A Small Death in Lisbon

A Small Death in Lisbon

by Robert Wilson

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1941. Klaus Felsen, forced out of his Berlin factory into the SS, arrives in a luminous Lisbon, where Nazis and Allies, refugees and entrepreneurs, dance to the strains of opportunism and despair. Felsen's assignment takes him to the bleak mountains of the north where a devious and brutal battle is being fought for an element vital to Hitler's bliztkrieg. There he meets the man who plants the first seed of greed and revenge that will grow into a thick vine in the landscape of post-war Portugal. Late 1990s. Investigating the murder of a young girl with a disturbing sexual past, Inspector Ze Coelho overturns the dark soil of history and unearths old bones from Portugal's fascist past. This small death in Lisbon is horrific compensation for an even older crime, and Coelho's stubborn pursuit of its truth reveals a tragedy that unites past and present. Robert Wilson's combination of intelligence, suspense, vivid characters, and mesmerizing storytelling richly deserves the international acclaim his novel has received.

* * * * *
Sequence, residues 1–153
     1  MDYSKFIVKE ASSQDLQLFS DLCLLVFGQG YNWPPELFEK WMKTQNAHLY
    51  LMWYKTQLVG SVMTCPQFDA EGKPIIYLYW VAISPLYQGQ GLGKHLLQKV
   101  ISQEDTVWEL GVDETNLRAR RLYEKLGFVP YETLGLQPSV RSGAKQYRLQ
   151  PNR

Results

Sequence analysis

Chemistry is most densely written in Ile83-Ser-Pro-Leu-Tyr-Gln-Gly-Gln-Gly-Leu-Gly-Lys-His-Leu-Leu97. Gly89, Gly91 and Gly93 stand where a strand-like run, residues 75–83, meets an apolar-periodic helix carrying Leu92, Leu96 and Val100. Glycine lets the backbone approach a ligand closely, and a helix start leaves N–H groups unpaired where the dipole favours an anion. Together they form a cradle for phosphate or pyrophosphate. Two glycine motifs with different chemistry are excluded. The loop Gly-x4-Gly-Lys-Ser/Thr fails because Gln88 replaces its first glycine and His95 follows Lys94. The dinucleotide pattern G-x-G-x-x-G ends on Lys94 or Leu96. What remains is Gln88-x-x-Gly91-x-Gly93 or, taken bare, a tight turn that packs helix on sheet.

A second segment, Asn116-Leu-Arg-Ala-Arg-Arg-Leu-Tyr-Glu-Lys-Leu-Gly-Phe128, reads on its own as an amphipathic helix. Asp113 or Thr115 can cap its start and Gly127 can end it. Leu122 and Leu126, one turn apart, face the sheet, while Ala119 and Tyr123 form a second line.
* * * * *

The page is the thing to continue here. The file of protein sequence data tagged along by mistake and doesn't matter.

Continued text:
Product Details

ISBN-13: 9780547545035
Publisher: HMH Books
Publication date: 10/05/2000
Sold by: Houghton Mifflin Harcourt
Format: NOOK Book
Pages: 453
Sales rank: 44,981
File size: 2 MB

About the Author

ROBERT WILSON is the author of numerous novels, including The Company of Strangers and A Small Death in Lisbon, which won the Gold Dagger Award as Best Crime Novel of the Year from Britain’s Crime Writers’ Association. A graduate of Oxford University, he has worked in shipping, advertising, and trading in Africa, and has lived in Greece, Portugal, and West Africa.

What People are Saying About This

From the Publisher

"Seductive...compelling."—Los Angeles Times

"A taut international thriller." —Time

"Fascinating...wonderfully rich." —Chicago Tribune

Customer Reviews

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A Small Death in Lisbon 3.9 out of 5 based on 0 ratings. 24 reviews.
Anonymous More than 1 year ago
This book is amazing. I picked it up based on a review I saw in a magazine. It is one of the best books I have ever read!
Guest More than 1 year ago
Picked up the book on a whim, and so, so glad I did. It is beatifully written, descriptive like few I've had the pleasure of reading. The characters and plots were well concieved, developed, deep, and alive. I simply did not want to stop reading. The twists through time, always bringing you back to the present story were compelling. I enjoyed both plot lines tremendously, for each one could have been a great book in itself, and here we get both, and when the merge, it hits you....with a smile on your face because you should have seen the connection. The action is merciless, sexually raw, and filled with loathsome characters. Even the good guys have flaws and pain. Real people in difficult times trying to survive, and some, get ahead at any cost. A truly enjoyable, smart read. I will definatly be looking for Mr. Wilson's next book to hit the states.
Guest More than 1 year ago